The American sprinter became the first person since Usain Bolt in 2015 to capture the 100-meter and 200-meter world titles at the World Athletics Championships.
He continued, "We are the world," alluding to the competitors in the World Athletics Championships.
"Almost every nation is present, participating in the battle, and flying its flag to demonstrate its representation. The NBA doesn't have any flags.
Lyles, who is never afraid to speak in front of the camera, seemed to be making the comments in jest as he laughed and smiled with the reporters during his response. However, he did cause some NBA stars to retaliate.
Leading the assault was Kevin Durant, who has twice been crowned NBA Finals MVP in his storied career.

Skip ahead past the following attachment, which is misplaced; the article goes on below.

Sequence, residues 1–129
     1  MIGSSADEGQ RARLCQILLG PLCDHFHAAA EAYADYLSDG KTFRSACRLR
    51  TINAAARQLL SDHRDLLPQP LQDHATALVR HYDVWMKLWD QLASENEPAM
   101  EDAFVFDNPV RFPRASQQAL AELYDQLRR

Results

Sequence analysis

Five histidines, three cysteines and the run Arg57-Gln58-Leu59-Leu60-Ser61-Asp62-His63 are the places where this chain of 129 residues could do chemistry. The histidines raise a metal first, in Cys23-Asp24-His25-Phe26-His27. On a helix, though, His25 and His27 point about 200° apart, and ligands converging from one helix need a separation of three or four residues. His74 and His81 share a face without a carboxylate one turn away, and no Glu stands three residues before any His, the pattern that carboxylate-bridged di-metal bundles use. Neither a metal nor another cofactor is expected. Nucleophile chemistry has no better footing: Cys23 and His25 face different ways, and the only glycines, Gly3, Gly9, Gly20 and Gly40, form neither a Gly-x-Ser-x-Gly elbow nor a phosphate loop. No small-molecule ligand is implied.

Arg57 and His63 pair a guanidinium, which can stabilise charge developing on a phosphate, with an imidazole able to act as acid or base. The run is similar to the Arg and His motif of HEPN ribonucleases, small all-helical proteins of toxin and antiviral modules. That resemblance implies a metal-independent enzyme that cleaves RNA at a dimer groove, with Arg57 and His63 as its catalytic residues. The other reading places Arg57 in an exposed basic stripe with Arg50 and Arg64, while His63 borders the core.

In response to an ESPN post, he said on Instagram, "Somebody help this brother."
Also participating was four-time NBA champion Draymond Green, who posted on Instagram with the hashtag "When being smart goes wrong" and a face-palm emoji.
Aaron Gordon, a standout for the Denver Nuggets, though, seemed to find the humor in the situation. In the 200m, I'm puffing with a teammate.
The NBA only features US and Canadian teams, yet the bulk of the world's top athletes compete there.
Numerous of its most prominent athletes are foreign-born, including two-time NBA MVP Nikola Joki from Serbia and world-renowned Giannis Antetokounmpo from Greece.
Sha'Carri Richardson, a fellow American sprinter and the 100-meter women's winner, chimed in on the discussion and defended Lyles.
She stated on social media, "I'm with Noah on this one.
Although the NBA contains players from several nations, they do not compete against other nations. In order to become a global champion, you must compete against the entire world.
Lyles and Richardson might not be there courtside for an NBA game any time soon.